There’s something fundamentally creepy and slightly sad about Hollywood’s obsession with angels meddling in human affairs – whether it’s Clarence showing George Bailey the dark timeline where his wife becomes a spinster librarian with glasses in It’s a Wonderful Life, angels fixing baseball games in Angels in the Outfield (and its two sequels), or John Travolta resurrecting a dog in Nora Ephron’s Michael.
A box office hit on Christmas Day 1996, Michael (not to be confused with the Austrian paedophile movie of the same name) finds two Chicago tabloid journalists (William Hurt and Robert Pastorelli) and a fraudulent angel expert (Andie MacDowell) following a lead about an angel living in rural Iowa. Imagine their surprise (or strange lack thereof) when they meet Michael (Travolta), a chain-smoking, Beatles-loving, womanising angel making his last visit to Earth and looking to party. Why Iowa? Why not Vegas? Or Liverpool? Or Blackpool? Well, because he loves giant roadside attractions, gluh.
Michael is a road movie seemingly comprised of deleted scenes, ie. inconsequential visits to the world’s biggest ball of twine and the world’s largest non-stick frying pan. How tiny is this film’s idea of heaven that an angel would be awed by large things? Each pointless scene and hapless detail (eg. Michael invented queuing) confirms that there is no story here, only a kooky ’90s premise. Wouldn’t it be funny if an angel smoked? Apparently not. But apparently angels are jealous of earthly delights like bar fights and motel sex.
This seems a patronising view of Midwestern America, their idiotic tastes secretly shared by the angels. An entire scene is devoted to pie, which does give us the film’s sole redeeming moment (and no it’s not the bit where Travolta headbutts a bull) – when Andie MacDowell sings a delightful song about pie. Weird nonsense is very much the order of the day, including a misogynistic gag about women salivating over Michael because he smells of cookies.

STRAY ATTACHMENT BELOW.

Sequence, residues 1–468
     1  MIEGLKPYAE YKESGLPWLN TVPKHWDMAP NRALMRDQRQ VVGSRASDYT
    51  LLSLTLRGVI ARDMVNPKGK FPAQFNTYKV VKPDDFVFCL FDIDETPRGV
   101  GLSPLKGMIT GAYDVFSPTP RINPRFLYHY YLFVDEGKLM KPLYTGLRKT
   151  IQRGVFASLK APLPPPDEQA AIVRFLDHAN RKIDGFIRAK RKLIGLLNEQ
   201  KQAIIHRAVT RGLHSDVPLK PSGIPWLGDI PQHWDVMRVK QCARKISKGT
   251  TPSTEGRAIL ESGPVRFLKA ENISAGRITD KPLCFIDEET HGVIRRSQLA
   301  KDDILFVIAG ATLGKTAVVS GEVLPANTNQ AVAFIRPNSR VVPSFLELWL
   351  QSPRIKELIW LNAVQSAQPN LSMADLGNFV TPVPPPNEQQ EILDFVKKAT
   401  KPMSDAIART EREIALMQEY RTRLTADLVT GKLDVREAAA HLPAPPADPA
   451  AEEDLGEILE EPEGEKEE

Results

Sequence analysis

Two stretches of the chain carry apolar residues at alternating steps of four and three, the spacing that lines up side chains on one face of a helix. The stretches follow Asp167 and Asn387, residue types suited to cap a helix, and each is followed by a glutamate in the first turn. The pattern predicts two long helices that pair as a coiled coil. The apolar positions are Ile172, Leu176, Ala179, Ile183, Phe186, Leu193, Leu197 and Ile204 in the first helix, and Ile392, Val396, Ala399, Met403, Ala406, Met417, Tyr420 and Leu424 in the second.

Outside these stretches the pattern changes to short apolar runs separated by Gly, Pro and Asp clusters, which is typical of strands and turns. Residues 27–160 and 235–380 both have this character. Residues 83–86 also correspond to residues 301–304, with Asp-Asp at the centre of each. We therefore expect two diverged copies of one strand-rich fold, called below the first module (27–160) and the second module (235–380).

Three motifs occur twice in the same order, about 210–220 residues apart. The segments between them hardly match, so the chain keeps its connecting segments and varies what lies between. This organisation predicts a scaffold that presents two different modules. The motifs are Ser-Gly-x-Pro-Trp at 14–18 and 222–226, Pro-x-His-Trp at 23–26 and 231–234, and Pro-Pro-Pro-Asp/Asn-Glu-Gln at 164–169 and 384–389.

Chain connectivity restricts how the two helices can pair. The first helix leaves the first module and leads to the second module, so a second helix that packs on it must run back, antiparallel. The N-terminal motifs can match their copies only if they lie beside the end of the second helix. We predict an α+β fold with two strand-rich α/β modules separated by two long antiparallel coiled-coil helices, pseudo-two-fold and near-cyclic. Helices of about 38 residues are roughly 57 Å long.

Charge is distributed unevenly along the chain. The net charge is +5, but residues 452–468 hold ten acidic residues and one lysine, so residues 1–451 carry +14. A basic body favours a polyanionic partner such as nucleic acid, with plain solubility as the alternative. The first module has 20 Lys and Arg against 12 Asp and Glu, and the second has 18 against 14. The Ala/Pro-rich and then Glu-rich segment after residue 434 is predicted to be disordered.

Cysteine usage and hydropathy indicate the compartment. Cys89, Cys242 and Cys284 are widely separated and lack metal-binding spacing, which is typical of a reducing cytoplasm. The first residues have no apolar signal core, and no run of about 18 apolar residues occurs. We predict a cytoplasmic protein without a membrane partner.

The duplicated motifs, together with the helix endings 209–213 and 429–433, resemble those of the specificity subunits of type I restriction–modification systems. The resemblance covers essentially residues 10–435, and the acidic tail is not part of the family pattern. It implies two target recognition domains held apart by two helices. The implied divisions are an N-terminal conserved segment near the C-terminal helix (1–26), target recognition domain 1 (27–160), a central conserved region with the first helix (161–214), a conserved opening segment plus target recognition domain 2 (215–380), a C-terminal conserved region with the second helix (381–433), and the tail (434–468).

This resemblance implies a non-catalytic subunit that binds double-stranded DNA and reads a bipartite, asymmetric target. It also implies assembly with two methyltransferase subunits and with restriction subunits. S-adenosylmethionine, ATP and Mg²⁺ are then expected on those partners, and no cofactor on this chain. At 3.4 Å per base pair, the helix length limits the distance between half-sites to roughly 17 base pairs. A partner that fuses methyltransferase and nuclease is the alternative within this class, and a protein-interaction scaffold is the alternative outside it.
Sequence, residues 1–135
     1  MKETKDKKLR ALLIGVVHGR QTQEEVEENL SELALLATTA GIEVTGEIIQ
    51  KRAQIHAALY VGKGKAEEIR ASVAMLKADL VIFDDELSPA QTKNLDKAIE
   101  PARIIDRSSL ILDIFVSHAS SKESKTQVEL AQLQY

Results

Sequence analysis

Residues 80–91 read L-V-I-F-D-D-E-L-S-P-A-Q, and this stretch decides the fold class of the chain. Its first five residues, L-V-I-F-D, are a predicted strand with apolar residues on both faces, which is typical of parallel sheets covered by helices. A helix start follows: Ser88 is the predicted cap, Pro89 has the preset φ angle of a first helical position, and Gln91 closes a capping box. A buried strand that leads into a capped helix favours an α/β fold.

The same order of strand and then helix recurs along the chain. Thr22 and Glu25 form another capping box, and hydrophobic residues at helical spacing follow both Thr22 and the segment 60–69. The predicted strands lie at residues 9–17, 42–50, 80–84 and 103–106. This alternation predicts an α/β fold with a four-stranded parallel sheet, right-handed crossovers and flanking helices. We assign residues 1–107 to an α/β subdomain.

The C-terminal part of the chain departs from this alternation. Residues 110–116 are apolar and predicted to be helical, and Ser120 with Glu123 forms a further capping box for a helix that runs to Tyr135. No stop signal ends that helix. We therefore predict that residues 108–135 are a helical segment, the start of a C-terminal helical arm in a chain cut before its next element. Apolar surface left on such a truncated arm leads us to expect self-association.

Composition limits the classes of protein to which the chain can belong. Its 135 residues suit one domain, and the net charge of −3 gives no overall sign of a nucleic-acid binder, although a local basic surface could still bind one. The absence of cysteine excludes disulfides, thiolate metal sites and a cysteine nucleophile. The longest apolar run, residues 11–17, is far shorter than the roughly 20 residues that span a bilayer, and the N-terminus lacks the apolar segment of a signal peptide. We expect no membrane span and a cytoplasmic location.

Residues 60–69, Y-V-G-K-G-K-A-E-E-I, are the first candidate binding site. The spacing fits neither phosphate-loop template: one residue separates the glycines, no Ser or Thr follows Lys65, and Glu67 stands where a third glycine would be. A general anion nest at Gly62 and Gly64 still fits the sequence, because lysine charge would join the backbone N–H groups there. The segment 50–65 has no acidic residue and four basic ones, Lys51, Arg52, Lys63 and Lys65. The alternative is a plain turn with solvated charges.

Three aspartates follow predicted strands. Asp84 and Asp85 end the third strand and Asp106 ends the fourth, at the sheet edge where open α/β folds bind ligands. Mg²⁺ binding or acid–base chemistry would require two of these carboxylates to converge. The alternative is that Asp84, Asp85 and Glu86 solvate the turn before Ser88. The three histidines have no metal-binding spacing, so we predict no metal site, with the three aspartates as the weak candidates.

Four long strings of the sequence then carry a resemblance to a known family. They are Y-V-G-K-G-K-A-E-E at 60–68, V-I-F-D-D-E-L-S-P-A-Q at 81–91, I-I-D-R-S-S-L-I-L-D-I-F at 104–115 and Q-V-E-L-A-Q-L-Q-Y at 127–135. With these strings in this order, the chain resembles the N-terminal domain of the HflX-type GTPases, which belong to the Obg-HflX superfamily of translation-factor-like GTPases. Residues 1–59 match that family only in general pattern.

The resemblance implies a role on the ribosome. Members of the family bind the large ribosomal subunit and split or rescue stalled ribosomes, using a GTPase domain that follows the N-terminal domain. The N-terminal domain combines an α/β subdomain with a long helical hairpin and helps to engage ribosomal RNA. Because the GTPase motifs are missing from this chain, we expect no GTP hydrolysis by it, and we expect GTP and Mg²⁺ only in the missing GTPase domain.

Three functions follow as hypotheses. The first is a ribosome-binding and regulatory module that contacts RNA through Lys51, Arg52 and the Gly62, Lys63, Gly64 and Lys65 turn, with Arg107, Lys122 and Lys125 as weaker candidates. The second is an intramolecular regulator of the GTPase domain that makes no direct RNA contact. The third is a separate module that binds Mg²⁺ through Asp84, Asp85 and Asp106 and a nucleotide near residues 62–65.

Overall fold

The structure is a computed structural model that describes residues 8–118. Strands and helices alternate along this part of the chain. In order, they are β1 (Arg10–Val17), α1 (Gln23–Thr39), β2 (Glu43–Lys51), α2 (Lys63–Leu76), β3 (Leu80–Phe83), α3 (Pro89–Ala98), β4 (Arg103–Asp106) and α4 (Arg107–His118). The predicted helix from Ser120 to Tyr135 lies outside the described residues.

It turns out Michael’s purpose for being in Iowa is to unite two Chicagoans (Hurt and MacDowell), because angels have nothing better to do than play matchmaker for people living prosperous independent lives. Much is made of her multiple divorces (another hilarious Christmas cracker) but surely that means getting married is the last thing she needs. It’s not even like they have to get married by virtue of being the leads in a romcom, because they’re not – that would be Michael, the star and title of the film, who ultimately needs something to do that doesn’t make him crane his neck.
For a film in which John Travolta eats cereal wearing dungarees and a giant pair of wings, Michael is surprisingly forgettable festive fodder, whose nonsensical narrative resembles the name of an ABC Family movie called Christmas Cupid (2010) – so at least this mawkish mainstream ’90s entertainment has been relegated to cable (or Netflix, in Michael‘s case). They don’t even show us the big non-stick frying pan, by the way.